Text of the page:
INTERMEZZO- zolpidem tartrate tablet
Purdue Pharma LP
Complex sleep behaviors including sleep-walking, sleep-driving, and engaging in other activities while not fully awake may occur following use of INTERMEZZO. Some of these events may result in serious injuries, including death. Discontinue INTERMEZZO immediately if a patient experiences a complex sleep behavior [see Contraindications (4) and Warnings and Precautions (5.1)].
INTERMEZZO is to be taken in bed when a patient wakes in the middle of the night and has difficulty returning to sleep. INTERMEZZO should only be taken if the patient has at least 4 hours of bedtime remaining before the planned time of waking [see Warnings and Precautions (5.1)].
INTERMEZZO should be placed under the tongue and allowed to disintegrate completely before swallowing. The tablet should not be swallowed whole. For optimal effect, INTERMEZZO should not be administered with or immediately after a meal. The tablet should be removed from the pouch just prior to dosing.
The recommended and maximum dose of INTERMEZZO is 1.75 mg for women and 3.5 mg for men, taken only once per night as needed if a middle-of-the-night awakening is followed by difficulty returning to sleep. The recommended doses for women and men are different because women clear zolpidem from the body at a lower rate than men [see Use in Specific Populations (8.6)].
The recommended INTERMEZZO dose for men and women who are taking concomitant CNS depressants is 1.75 mg. Dose adjustment of concomitant CNS depressants may be necessary when co-administered with INTERMEZZO because of potentially additive effects. The use of INTERMEZZO with other sedative-hypnotics (including other zolpidem products) at bedtime or the middle of the night is not recommended [see Warnings and Precautions (5.1)].
Geriatric patients may be especially sensitive to the effects of zolpidem. The recommended dose of INTERMEZZO in men and women over 65 years old is 1.75 mg, taken only once per night if needed [see Use in Specific Populations (8.5)].
The recommended dose of INTERMEZZO in patients with hepatic impairment is 1.75 mg, taken only once per night if needed [see Clinical Pharmacology (12.3)].
INTERMEZZO is contraindicated in patients who have experienced complex sleep behaviors after taking INTERMEZZO [see Warnings and Precautions (5.1)].
INTERMEZZO is contraindicated in patients with known hypersensitivity to zolpidem. Observed reactions with zolpidem include anaphylaxis and angioedema [see Warnings and Precautions (5.4)].
Complex sleep behaviors including sleep-walking, sleep-driving, and engaging in other activities while not fully awake may occur following use of zolpidem. Serious injuries and death have occurred during a complex sleep behavior episode. Other complex sleep behaviors (e.g., preparing and eating food, making phone calls, or having sex) have also been reported. Patients usually do not remember these events. Post-marketing reports have shown that complex sleep behaviors may occur with zolpidem alone at recommended dosages, with or without the concomitant use of alcohol or other central nervous system (CNS) depressants [see Drug Interactions (7.1)] and may occur on first use of zolpidem. Patients who have experienced complex sleep behaviors after taking INTERMEZZO may experience a complex sleep behavior resulting in serious injuries or death after taking a subsequent dose of INTERMEZZO [see Contraindications (4)].Discontinue INTERMEZZO immediately if a patient experiences a complex sleep behavior.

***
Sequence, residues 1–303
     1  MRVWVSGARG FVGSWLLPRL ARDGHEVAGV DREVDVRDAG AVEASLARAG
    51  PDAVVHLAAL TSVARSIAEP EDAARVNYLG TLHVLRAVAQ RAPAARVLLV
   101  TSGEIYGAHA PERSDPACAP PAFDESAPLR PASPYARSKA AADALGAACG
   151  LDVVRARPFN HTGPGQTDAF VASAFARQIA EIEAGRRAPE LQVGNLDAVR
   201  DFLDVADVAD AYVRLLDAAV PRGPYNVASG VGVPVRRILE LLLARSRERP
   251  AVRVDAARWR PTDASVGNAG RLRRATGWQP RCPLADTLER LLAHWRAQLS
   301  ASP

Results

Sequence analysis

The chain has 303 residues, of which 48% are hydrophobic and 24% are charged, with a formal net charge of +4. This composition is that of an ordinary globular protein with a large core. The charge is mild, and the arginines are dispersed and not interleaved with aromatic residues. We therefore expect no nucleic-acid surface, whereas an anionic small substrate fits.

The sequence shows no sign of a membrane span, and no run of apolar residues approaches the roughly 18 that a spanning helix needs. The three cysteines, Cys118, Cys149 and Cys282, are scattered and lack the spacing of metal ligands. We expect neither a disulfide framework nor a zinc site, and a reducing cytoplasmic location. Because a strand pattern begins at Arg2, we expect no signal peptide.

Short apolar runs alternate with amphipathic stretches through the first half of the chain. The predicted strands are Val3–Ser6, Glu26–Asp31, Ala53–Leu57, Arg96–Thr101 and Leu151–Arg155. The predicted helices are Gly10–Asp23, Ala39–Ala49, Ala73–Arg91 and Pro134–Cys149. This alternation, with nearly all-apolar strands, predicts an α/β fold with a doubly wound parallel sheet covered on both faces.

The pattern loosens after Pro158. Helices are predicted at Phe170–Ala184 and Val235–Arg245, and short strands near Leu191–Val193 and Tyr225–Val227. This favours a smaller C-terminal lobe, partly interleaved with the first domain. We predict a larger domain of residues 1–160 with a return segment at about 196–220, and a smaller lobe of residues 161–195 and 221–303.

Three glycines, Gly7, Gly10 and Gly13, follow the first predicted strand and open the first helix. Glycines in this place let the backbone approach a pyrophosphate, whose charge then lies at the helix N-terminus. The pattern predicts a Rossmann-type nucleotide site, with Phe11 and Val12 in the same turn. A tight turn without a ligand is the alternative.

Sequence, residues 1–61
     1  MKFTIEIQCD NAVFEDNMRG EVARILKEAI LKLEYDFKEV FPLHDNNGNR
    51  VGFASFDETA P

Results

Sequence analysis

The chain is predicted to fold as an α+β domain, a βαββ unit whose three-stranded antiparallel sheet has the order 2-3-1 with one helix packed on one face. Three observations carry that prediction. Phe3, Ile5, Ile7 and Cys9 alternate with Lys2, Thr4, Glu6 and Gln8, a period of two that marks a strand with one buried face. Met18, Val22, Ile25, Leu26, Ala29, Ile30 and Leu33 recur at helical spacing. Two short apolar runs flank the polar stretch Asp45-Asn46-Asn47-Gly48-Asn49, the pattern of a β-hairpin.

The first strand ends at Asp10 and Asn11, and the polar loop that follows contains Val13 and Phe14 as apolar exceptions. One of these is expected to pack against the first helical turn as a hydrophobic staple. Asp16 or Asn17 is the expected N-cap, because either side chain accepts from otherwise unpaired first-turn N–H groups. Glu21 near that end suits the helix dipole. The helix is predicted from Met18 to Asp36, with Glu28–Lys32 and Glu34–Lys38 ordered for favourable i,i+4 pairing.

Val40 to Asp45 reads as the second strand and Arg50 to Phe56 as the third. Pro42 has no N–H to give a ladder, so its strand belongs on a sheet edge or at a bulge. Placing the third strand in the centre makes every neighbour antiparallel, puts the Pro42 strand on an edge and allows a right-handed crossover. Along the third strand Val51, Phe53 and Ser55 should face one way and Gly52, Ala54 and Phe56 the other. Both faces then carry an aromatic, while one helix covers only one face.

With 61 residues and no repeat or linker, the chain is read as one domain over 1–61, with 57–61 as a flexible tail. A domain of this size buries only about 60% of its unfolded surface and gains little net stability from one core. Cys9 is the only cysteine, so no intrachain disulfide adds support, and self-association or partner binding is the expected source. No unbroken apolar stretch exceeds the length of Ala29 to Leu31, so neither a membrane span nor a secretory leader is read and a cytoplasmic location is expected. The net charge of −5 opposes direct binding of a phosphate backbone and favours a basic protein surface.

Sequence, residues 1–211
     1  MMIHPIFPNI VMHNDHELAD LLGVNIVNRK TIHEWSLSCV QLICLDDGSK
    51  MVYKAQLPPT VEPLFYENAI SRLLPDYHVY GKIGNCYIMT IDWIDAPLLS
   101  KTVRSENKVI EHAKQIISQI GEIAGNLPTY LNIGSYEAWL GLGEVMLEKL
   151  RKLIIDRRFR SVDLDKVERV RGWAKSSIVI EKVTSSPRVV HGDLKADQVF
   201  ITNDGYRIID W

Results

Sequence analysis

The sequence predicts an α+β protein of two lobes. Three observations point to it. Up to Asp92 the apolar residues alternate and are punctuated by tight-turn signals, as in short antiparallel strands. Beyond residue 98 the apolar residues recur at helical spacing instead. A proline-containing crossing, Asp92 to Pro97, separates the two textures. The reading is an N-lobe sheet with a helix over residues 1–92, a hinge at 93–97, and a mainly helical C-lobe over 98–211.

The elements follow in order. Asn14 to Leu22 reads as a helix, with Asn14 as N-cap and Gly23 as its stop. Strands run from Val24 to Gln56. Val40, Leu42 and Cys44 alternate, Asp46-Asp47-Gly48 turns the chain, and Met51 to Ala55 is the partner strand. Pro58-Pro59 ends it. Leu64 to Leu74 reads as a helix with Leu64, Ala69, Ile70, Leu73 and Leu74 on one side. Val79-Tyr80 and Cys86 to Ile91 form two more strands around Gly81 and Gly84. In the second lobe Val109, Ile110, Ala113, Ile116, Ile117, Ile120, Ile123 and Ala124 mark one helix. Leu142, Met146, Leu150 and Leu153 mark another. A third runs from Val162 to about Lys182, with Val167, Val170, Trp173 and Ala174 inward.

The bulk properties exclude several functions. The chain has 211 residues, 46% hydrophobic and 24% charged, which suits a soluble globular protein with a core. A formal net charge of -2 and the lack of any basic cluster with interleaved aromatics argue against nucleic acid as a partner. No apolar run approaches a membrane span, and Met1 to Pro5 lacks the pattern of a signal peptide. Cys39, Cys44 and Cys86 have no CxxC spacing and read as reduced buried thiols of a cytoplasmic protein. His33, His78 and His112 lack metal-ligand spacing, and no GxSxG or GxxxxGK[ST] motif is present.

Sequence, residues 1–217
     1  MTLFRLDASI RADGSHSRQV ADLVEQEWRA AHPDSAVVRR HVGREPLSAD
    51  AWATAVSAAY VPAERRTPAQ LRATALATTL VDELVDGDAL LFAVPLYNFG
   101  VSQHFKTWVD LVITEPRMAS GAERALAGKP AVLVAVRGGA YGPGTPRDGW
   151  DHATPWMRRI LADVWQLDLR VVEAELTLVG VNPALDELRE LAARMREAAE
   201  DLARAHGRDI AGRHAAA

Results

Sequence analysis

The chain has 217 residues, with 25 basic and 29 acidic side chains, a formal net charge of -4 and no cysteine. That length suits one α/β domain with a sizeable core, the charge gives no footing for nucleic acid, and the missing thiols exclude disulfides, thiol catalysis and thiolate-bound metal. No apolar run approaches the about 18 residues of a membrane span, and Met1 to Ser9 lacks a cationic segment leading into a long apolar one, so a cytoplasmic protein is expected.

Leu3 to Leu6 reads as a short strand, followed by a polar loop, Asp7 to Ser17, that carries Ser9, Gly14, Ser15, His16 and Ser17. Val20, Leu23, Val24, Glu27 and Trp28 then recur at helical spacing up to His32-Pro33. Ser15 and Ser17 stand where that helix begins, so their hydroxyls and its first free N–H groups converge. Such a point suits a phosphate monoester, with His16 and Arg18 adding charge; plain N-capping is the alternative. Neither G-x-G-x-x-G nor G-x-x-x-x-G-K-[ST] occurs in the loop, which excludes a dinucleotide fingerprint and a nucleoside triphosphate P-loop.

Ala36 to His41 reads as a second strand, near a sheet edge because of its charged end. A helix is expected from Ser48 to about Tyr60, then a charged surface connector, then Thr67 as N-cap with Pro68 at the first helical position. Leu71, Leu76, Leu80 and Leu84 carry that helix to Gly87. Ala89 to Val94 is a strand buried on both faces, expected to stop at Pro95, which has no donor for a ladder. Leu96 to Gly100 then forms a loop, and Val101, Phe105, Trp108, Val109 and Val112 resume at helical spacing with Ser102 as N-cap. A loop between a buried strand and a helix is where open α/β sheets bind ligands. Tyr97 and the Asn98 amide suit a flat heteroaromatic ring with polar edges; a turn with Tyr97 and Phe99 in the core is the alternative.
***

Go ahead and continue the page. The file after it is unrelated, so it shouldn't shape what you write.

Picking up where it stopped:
INTERMEZZO, like other sedative-hypnotic drugs, has central nervous system (CNS) depressant effects. Co-administration with other CNS depressants (e.g., benzodiazepines, opioids, tricyclic antidepressants, alcohol) increases the risk of CNS depression. Dosage adjustments of INTERMEZZO and of other concomitant CNS depressants may be necessary when INTERMEZZO is administered with such agents because of the potentially additive effects. The use of INTERMEZZO with other sedative-hypnotics (including other zolpidem products) at bedtime or the middle of the night is not recommended [see Dosage and Administration (2.3)].
In a driving study, healthy subjects who received INTERMEZZO with fewer than four hours of bedtime remaining had evidence of impaired driving compared to subjects who received placebo [see Clinical Studies (14.2)]. The risk of next-day driving impairment (and psychomotor impairment) is increased if INTERMEZZO is taken with less than 4 hours of bedtime remaining, if higher than recommended dose is taken, if co-administered with other CNS depressants, or co-administered with other drugs that increase the blood levels of zolpidem.
Because sleep disturbances may be the presenting manifestation of a physical and/or psychiatric disorder, symptomatic treatment of insomnia should be initiated only after a careful evaluation of the patient. The failure of insomnia to remit after 7 to 10 days of treatment may indicate the presence of a primary psychiatric and/or medical illness that should be evaluated. Worsening of insomnia or the emergence of new thinking or behavior abnormalities may be the consequence of an unrecognized psychiatric or physical disorder. Such findings have emerged during the course of treatment with sedative-hypnotic drugs, including zolpidem.
Cases of angioedema involving the tongue, glottis, or larynx have been reported in patients after taking the first or subsequent doses of zolpidem. Some patients have had additional symptoms such as dyspnea, throat closing, or nausea and vomiting that suggest anaphylaxis. Some patients have required medical therapy in the emergency department. If angioedema involves the throat, glottis or larynx, airway obstruction may occur and be fatal. Patients who develop angioedema or anaphylaxis after treatment with zolpidem should not be rechallenged with INTERMEZZO.
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